This story started here.
When we got back to the hotel, all the procedures having been followed and all the paperwork having been completed, the sky was starting to get light.
Ron had wanted to come with us to capture Trainor, but I had told her firmly that she was not going to be there. She had made a face, but she didn't argue and she didn't try to sneak out and follow us. She'd sat cross-legged in the center of our bed, prepared to wait all night if necessary for our return.
When we came back, she was lying on the bed, curled up, on top of the covers, still fully dressed, and sound asleep.
Before waking her, I stepped quickly into the bathroom and removed the protective vest I'd worn, just in case Trainor had gone after me with his knife. I didn't want Ron to think too much about the very real danger that we'd been in. Our thought had been that if he moved to attack either of us, it would have been me. I was the one blocking the door, and he wouldn't have wanted to have me behind him if he attacked my employer. So I'd been prepared, but we'd hoped that it would go pretty much as it had.
I sat on the bed as my employer hung up her jacket and tie and unbuttoned her vest. Ron blinked a couple of times and I squeezed her shoulder. "We're back," I said quietly.
She nodded as she sat up and rubbed her eyes. "Okay," she said, yawning. "What happened?"
I gave her the very short version. As I talked, she slid over to sit on the edge of the bed next to me, and Jan sat next to her. Ron nodded as I finished the story. She liked it when her mother's cases were solved, since it confirmed her idea that her mother could figure out anything, but she wasn't usually interested in the details. Apparently not even when the victim had been her sister.
Jan and I had talked as we'd walked back from the hospital, and we had decided not to try to have the conversation with Ron about her unprovoked attack on her sister right then, mostly because we were too tired. We did end up having it the next night, but we did not win her over to our position.
"Ron," Jan said when I had finished telling the story, "we're going to get some sleep now, but there is one other thing. We have your sister's suitcase. Do you want any of her clothes?"
She shuddered. "No," she said.
"I didn't think so. I'll donate them downstairs. There are two other things." She got up and took a photograph from her jacket pocket. "Do you want this?" She handed it to Ron.
It was a family snapshot, maybe taken on their trip to the city. The parents were blond and tall, and Tracy was blond and pretty, and they were standing on a street corner, smiling at the camera.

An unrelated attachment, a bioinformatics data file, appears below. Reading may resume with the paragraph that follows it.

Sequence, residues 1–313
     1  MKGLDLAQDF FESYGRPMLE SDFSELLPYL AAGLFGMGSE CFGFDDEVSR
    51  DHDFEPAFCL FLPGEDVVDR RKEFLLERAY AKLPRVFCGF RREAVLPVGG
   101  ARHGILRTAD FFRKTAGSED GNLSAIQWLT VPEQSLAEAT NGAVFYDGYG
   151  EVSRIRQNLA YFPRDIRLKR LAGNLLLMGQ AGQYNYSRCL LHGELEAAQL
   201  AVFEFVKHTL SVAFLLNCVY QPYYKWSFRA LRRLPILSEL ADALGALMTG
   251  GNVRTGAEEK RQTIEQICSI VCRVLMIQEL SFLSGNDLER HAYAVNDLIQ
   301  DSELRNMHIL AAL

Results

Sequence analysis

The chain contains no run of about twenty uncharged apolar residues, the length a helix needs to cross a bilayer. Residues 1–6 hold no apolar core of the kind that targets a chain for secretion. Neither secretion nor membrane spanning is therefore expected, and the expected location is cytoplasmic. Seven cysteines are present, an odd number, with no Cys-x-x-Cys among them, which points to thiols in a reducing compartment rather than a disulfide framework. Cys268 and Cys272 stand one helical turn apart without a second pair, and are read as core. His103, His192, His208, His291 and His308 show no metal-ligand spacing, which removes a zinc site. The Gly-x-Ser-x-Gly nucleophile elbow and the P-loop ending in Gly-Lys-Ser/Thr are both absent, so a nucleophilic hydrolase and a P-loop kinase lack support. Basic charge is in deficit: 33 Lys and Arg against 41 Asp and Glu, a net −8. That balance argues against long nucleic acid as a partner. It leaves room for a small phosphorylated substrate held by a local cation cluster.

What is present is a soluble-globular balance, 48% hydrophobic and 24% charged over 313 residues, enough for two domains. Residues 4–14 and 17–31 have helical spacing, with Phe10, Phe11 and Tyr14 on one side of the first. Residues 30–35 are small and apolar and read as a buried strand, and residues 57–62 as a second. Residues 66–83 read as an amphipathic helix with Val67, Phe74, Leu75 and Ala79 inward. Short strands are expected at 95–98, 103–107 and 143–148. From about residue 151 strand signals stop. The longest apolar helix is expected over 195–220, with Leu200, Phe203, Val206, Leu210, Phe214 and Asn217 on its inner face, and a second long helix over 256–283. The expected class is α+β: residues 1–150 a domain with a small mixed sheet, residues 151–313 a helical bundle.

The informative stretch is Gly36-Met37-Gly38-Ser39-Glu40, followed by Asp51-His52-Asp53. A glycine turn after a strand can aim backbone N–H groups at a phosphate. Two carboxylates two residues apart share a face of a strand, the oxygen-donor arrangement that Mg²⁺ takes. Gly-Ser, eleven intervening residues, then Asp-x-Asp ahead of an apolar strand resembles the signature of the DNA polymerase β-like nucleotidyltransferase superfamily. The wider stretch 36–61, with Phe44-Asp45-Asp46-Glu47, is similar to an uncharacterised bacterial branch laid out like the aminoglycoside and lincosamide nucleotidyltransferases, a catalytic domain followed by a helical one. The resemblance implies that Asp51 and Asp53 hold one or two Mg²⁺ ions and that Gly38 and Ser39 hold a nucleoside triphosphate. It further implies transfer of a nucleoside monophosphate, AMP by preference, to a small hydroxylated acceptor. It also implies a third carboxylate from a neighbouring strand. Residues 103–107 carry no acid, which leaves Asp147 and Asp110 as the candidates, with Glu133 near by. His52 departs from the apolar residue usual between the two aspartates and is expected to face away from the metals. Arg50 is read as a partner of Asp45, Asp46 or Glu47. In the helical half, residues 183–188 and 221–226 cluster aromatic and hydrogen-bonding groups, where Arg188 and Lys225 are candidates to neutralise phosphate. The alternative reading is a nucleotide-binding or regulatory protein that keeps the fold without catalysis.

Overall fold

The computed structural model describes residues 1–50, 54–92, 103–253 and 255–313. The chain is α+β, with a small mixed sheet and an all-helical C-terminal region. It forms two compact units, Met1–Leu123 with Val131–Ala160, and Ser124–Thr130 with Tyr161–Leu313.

Ron was standing at the side, making a face that was probably intended to be a smile. Her clothes were shabby, her hair was brown and bushy, her body language was awkward, and she looked like she'd wandered into the frame by mistake.
"There's also this," Jan said, holding out a small stuffed animal.
Ron took it carefully, her mouth set and determined not to cry. She examined it, saying very quietly, "It's Mister Bunny."
My wife restrained her pedantic urge to point out that "Mister Bunny" was not in fact any sort of bunny at all. He appeared to be a rather bedraggled donkey. He'd probably started out with fur, but by now it was all worn down to the bare fabric.
Ron held this object in her hands, but she clearly couldn't figure out what to do with it. She wanted to clutch it to her chest and cry, but that was not an option. She looked around, then she got up and went to our trophy shelf.
My employer and I had traveled extensively before settling in U-town. We had mostly traveled light, often under difficult conditions, so we hadn't collected a lot of mementos along the way. A couple of times we'd had to leave treasured items behind in favor of escaping with our skins intact, so we'd learned not to get too attached to anything. But we had managed to hold onto a few keepsakes, and they were now displayed on a small shelf in our room.
Cradling Mister Bunny in the crook of one arm, Ron reached up to the shelf and carefully moved things around in order to make some room. She reached up and slid Mister Bunny into the empty space. He had lost a bit of stuffing somewhere along the line and she had to work to get him to sit up straight. "Is that okay?" she asked when she was done.
"Of course," I said as she came back to sit with us again.
"Ron," Jan said, "I think your sister wanted to make peace with you. That's the only reason I can think of for her to bring Mister Bunny to you."
Ron shook her head. She picked up the photograph and tore it down the middle. "No fucking way," she said. She tore it again and dropped it into the wastebasket. She picked up her Red Cross bag and said, "I'm gonna go get the mail."
She was not in a mood to be hugged, but I hugged her anyway, holding her tight until she sighed and hugged me back. Then she went off to collect the mail.